Most vehicles have two sides to their braking system. The mechanical side (pads, rotors, calipers) and a hydraulic side (master cylinder, lines and fluid). The mechanical side is what most people are familiar with. Usually located inside each wheel is a rotor, a caliper and the pads. The purpose of the these components is to slow the vehicle by applying pressure on the pads to the spinning rotors. The calipers carry the pads and apply the force to the pads. These components are known to wear out over time due to constant use. Visual inspection is the best way to make sure your brakes are wearing correctly and are at a safe thickness. Wear is determined by many factors, weight of the vehicle, frequency of stops, types of use and the overall design.
While your brake pads wear the most, the rotors can also be worn. Almost all brake rotor manufacturers have a minimum thickness spec. Once the rotor has reached this point, it needs to be replaced. It is also a good idea to just replace the rotors, having rotors "turned" simply cuts them down to a smooth surface. It does not replenish the worn material.
The hydraulic side is the fluid control side. When you push on the brake pedal, you are pushing a special fluid through a series of pipes to the calipers to then push the pads against the rotors. This fluid is designed to withstand the heat that is generated from the brakes when they are used. Since fluid can not be compressed, it is ideally suited for a braking system. The one main draw back is that most brake fluid is hygroscopic. Meaning it attracts water. When more and more water contaminates the brake fluid over time, it reduces the brake fluid's ability to retain heat by lowering the boiling point. When fluid boils, it turns to a gas and can now be compressed. When you boil your brake fluid, your brake pedal can go very soft and dramatically reduce braking function. Flushing your brake fluid about every two years is a good practice. Unless you hit the track, brake fluid should be no more than 180 days old if DOT 4 fluid is being used. Some racers put in higher temp fluid that can handle even more than your standard street DOT 4 brake fluid.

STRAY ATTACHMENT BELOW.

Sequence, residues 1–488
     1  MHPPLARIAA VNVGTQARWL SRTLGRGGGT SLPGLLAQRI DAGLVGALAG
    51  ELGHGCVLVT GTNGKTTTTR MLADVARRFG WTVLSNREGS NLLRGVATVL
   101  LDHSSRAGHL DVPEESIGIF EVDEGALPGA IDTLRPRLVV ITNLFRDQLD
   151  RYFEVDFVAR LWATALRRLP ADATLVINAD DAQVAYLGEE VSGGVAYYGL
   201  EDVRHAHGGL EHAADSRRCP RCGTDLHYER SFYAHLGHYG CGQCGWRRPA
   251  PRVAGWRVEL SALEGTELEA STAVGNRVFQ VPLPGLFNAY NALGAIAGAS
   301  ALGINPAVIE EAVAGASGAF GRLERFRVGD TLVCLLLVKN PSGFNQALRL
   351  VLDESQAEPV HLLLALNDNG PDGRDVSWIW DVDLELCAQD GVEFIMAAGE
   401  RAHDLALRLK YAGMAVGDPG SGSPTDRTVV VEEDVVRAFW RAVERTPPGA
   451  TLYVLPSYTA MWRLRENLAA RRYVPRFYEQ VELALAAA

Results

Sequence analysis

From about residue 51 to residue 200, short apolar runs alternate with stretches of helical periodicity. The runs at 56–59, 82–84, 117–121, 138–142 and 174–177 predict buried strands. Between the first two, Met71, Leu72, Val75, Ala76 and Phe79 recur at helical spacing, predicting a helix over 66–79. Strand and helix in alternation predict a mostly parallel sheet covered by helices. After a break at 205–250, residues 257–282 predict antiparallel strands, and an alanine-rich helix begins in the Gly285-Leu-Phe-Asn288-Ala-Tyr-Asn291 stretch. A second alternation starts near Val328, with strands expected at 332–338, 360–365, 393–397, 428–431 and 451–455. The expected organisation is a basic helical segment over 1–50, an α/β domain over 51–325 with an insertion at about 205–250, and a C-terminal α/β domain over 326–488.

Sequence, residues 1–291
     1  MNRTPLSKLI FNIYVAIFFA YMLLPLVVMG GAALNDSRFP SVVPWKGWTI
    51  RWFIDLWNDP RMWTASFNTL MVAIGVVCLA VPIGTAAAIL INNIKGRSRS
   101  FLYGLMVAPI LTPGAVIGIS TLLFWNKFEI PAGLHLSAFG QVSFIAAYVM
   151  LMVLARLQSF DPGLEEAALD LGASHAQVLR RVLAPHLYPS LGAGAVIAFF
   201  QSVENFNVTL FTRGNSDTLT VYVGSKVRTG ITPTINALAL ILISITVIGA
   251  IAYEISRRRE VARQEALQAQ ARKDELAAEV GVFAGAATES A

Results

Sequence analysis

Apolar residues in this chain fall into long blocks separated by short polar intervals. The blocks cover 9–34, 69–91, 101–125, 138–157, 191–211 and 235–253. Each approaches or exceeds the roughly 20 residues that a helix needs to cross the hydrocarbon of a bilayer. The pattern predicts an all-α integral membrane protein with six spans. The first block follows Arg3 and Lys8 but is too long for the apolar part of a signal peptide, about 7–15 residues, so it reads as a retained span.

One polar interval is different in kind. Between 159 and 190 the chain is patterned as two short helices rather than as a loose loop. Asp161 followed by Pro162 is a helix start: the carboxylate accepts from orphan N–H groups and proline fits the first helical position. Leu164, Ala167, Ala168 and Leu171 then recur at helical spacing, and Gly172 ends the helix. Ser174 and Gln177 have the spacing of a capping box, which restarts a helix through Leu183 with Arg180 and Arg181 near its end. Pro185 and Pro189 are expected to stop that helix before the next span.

Here is a great local source for brake fluid: https://www.ogracing.com/car/brakes?cat=90